Finding My Footing

After wrapping up my first full week volunteering at AMURTEL, I find myself returning to the small air-conditioned cafe around the corner from my apartment once again. The city of Athens enjoyed wonderful breeze for a few short days but, much to my dismay, temperatures are rising well above 100 degrees. My only plans for this weekend are to hunt down places to cool down for a long while.

My current job at AMURTEL is to work the reception desk and check in women who come to see the midwife or attend group sessions. I manage the extensive Excel sheet the agency has in place and register women who are new to AMURTEL and seek their services. Within the past three days, I would say that I have registered at least 20 new women, which brings the total number of women AMURTEL has served within this year alone to about 1,700. I think that number is absolutely astonishing, given that AMURTEL has slowly lost the majority of its funding. This incredible team of women still manages to be there and provide for women who need them the most. AMURTEL has slowly transitioned from providing emergency aid and resource distribution to a more adaptive approach to motherhood and the surrounding Greek culture. Of course, they still distribute to the mothers as many are in need of resources and material items, but they are given these supplies after they attend a certain number of group sessions. Along with diapers, AMURTEL is able to provide mothers with baby carriers, baby clothes, small portions of food, and even bras and underwear for the women who are too modest to purchase or ask for them.

Although my position at the desk seems easy enough, many of the women who come in do not speak English and instead are fluent in Arabic, Farsi, or French. Conversely, the only language I am completely proficient in is English. I am sure you can see how this situation can become overwhelming and confusing very quickly. However, challenging as it may be, it is a welcome situation to be placed in. I have learned how to become quite good at using body language and signaling to figure out what services the women are in need of. AMURTEL has translators for all three of those languages (all of them fluent in English, some of them fluent in two or three other languages!) but they are often busy translating for the midwife or lactation consultants during group sessions. I find myself enjoying being around that much diversity and learning how to serve these women despite an obvious language barrier. It is reassuring to work with an agency that manages to accommodate women of all languages and nationalities. They have laid out a series of pamphlets and papers in all three languages (French, Farsi, and Arabic) for the women to take and read at their own leisure.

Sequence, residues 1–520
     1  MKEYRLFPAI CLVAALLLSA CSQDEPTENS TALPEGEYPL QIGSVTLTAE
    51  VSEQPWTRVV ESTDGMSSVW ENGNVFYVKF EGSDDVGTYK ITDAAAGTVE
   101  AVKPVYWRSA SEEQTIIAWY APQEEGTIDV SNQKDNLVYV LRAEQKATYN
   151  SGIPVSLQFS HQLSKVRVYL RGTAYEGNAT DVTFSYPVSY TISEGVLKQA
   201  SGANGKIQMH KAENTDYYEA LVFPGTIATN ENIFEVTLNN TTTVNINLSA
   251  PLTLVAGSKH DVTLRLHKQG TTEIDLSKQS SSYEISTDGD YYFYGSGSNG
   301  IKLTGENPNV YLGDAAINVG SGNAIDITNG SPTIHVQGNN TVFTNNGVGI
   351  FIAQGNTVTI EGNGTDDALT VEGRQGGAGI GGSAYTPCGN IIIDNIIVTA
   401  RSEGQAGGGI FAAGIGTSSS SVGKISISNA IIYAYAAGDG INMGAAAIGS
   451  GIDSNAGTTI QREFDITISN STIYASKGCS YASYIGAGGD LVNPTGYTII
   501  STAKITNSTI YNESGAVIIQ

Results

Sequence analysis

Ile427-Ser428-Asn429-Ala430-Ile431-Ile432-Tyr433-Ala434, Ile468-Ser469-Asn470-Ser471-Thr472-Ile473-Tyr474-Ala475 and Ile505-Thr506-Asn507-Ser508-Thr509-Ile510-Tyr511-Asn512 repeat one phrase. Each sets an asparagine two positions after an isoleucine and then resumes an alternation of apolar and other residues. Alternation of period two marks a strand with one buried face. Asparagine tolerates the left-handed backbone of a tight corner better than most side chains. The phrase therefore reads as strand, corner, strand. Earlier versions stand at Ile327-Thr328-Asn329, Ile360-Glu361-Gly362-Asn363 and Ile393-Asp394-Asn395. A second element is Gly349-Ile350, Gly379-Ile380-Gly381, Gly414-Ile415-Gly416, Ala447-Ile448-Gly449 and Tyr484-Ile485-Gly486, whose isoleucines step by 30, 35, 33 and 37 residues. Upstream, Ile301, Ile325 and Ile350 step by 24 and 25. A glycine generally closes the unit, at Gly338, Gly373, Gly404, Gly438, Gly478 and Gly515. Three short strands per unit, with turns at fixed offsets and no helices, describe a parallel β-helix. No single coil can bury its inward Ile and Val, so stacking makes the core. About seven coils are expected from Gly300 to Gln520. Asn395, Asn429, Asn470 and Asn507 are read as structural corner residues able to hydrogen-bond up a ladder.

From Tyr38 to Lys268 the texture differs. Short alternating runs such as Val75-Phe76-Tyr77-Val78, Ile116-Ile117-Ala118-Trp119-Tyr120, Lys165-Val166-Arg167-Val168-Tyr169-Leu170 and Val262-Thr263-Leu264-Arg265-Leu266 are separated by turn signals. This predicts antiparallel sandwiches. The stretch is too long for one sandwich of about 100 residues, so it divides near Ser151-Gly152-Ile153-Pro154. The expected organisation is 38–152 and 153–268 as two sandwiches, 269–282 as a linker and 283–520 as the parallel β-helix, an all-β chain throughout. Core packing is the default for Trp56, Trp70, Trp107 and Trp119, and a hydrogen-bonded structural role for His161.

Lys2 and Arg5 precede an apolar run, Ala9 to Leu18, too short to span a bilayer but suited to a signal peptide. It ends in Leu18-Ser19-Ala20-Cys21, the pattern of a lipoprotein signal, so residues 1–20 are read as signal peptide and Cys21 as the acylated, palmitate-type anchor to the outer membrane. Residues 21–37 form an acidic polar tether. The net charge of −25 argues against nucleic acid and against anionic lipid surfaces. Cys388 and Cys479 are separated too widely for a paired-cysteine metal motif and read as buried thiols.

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Each morning before AMURTEL opens for the public, our director Didi leads the workers and volunteers in a short meditation session to ground our emotions and set our intentions for the day. The energy in the room settles as we quiet down and she sings a small mantra, “baba nam kevalam.” This translates to the idea that there is a greater purpose and meaning beyond any individual person. Although I am not a devout follower of any religion and don’t consider myself a very spiritual person, I find the mantra beautiful and full of meaning. It is a good way to begin the day, and I look forward to learn and listen to AMURTEL throughout the next few weeks!

— Megha Patel